I may do some work for Jennifer Hill, an applied statistics professor at NYU's Steinhardt School. Having a career like hers is something I'm very interested in doing if I go the PhD route, which is get her doctorate in Statistics, focus on applications to social science, and work on interesting causal inference problems.
This last weekend I read a paper she sent me on Bayesian Additive Regression Trees (BART), which is quite interesting. The article, Bayesian Nonparametric Modeling for Causal Inference is coming out this January in Journal of Computational and Graphical Statistics. The abstract:
Researchers have long struggled to identify causal effects in nonexperimental settings. Many recently proposed strategies assume ignorability of the treatment assignment mechanism and require fitting two models—one for the assignment mechanism and one for the response surface. This article proposes a strategy that instead focuses on very flexibly modeling just the response surface using a Bayesian nonparametric modeling procedure, Bayesian Additive Regression Trees (BART). BART has several advantages: it is far simpler to use than many recent competitors, requires less guesswork in model fitting, handles a large number of predictors, yields coherent uncertainty intervals, and fluidly handles continuous treatment variables and missing data for the outcome variable. BART also naturally identifies heterogeneous treatment effects. BART produces more accurate estimates of average treatment effects compared to propensity score matching, propensity-weighted estimators, and regression adjustment in the nonlinear simulation situations examined. Further, it is highly competitive in linear settings with the “correct” model, linear regression. Supplemental materials including code and data to replicate simulations and examples from the article as well as methods for population inference are available online.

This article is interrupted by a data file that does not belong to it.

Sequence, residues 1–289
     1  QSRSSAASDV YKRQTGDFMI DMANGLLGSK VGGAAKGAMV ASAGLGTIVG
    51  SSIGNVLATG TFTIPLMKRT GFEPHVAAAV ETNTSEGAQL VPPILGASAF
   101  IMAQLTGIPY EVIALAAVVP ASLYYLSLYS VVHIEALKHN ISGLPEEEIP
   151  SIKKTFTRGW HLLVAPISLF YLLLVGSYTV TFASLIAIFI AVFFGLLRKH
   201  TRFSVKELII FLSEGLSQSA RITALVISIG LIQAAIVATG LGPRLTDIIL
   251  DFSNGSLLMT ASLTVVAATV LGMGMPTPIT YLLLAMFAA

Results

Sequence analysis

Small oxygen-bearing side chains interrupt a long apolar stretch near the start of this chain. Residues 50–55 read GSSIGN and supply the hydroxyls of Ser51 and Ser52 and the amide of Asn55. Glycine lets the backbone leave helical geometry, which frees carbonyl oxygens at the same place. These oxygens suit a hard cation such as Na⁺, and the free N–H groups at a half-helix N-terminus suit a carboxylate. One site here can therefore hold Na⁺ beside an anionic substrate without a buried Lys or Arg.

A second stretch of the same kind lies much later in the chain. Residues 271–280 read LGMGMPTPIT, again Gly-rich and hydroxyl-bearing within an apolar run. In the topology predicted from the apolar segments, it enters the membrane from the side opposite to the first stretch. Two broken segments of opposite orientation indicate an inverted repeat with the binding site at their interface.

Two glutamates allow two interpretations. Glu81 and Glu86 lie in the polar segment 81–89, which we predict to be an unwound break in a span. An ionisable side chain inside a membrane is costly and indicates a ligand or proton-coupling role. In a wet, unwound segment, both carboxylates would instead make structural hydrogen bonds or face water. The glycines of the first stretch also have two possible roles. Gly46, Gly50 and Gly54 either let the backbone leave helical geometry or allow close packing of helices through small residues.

(This is perhaps more for me, than any reader) Basically, when using some methods to improve causal inference, such as matching, you're often fitting two models: one on whether or not a unit was treated, and than the more easily (or commonly) understood "response surface," which is the model for the outcome conditional on treatment and all the confounders. BART is a method to estimate the response surface non-parametrically, while being (it appears) as or more robust than other methods.
When trying to figure out how effective a treatment of some kind is, you cannot observe the outcomes for when an individual both receives the treatment and does not receive the treatment . A fancy way of saying that is , where is an indicator of whether you have or have not gotten the treatment. So that equation is saying that if you got the treatment the second term on the right side of the equal sign is zero, and in the alternative case, the first term is zero.
When doing casual inference, you want to compare two groups, one that received the treatment and one that did not, that are as similar as possible. That is, the only difference in the comparison groups is that one got the treatment and the other didn't. In this way, you can be sure that any observed difference in the groups is due to the treatment. This idea is formalized through the term ignorability. That is, if the two groups cannot be distinguished on all the observable characteristics (they have "balance"), the assignment to the treatment group is ignorable. (More formally, the potential outcomes are independent of treatment assignment, given the covariates or , where X are confounders and means conditionally independence). Ignorability also requires overlap or common support in the covariates across the two groups.